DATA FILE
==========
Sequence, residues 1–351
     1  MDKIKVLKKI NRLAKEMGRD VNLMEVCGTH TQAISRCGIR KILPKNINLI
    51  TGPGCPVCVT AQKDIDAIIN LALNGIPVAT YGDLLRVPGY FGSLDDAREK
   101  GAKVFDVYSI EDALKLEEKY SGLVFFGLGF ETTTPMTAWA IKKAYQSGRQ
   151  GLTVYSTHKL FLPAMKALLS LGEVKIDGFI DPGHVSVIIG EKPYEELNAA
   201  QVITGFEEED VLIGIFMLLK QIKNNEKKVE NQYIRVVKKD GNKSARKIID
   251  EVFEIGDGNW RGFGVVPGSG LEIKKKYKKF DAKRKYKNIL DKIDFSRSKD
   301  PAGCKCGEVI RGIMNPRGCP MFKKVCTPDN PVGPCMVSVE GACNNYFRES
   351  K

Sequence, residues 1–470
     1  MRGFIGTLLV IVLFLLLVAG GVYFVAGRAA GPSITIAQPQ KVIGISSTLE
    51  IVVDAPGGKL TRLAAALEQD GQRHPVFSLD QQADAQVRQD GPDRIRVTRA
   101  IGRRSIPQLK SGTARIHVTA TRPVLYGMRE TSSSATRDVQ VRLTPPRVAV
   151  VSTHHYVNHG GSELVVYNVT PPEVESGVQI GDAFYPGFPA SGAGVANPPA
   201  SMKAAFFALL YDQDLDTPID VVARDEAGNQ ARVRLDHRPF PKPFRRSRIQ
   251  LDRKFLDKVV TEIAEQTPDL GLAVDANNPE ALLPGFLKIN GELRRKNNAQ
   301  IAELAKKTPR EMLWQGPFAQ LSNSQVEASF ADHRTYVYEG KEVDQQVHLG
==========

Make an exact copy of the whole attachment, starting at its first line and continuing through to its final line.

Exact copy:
Sequence, residues 1–351
     1  MDKIKVLKKI NRLAKEMGRD VNLMEVCGTH TQAISRCGIR KILPKNINLI
    51  TGPGCPVCVT AQKDIDAIIN LALNGIPVAT YGDLLRVPGY FGSLDDAREK
   101  GAKVFDVYSI EDALKLEEKY SGLVFFGLGF ETTTPMTAWA IKKAYQSGRQ
   151  GLTVYSTHKL FLPAMKALLS LGEVKIDGFI DPGHVSVIIG EKPYEELNAA
   201  QVITGFEEED VLIGIFMLLK QIKNNEKKVE NQYIRVVKKD GNKSARKIID
   251  EVFEIGDGNW RGFGVVPGSG LEIKKKYKKF DAKRKYKNIL DKIDFSRSKD
   301  PAGCKCGEVI RGIMNPRGCP MFKKVCTPDN PVGPCMVSVE GACNNYFRES
   351  K

Sequence, residues 1–470
     1  MRGFIGTLLV IVLFLLLVAG GVYFVAGRAA GPSITIAQPQ KVIGISSTLE
    51  IVVDAPGGKL TRLAAALEQD GQRHPVFSLD QQADAQVRQD GPDRIRVTRA
   101  IGRRSIPQLK SGTARIHVTA TRPVLYGMRE TSSSATRDVQ VRLTPPRVAV
   151  VSTHHYVNHG GSELVVYNVT PPEVESGVQI GDAFYPGFPA SGAGVANPPA
   201  SMKAAFFALL YDQDLDTPID VVARDEAGNQ ARVRLDHRPF PKPFRRSRIQ
   251  LDRKFLDKVV TEIAEQTPDL GLAVDANNPE ALLPGFLKIN GELRRKNNAQ
   301  IAELAKKTPR EMLWQGPFAQ LSNSQVEASF ADHRTYVYEG KEVDQQVHLG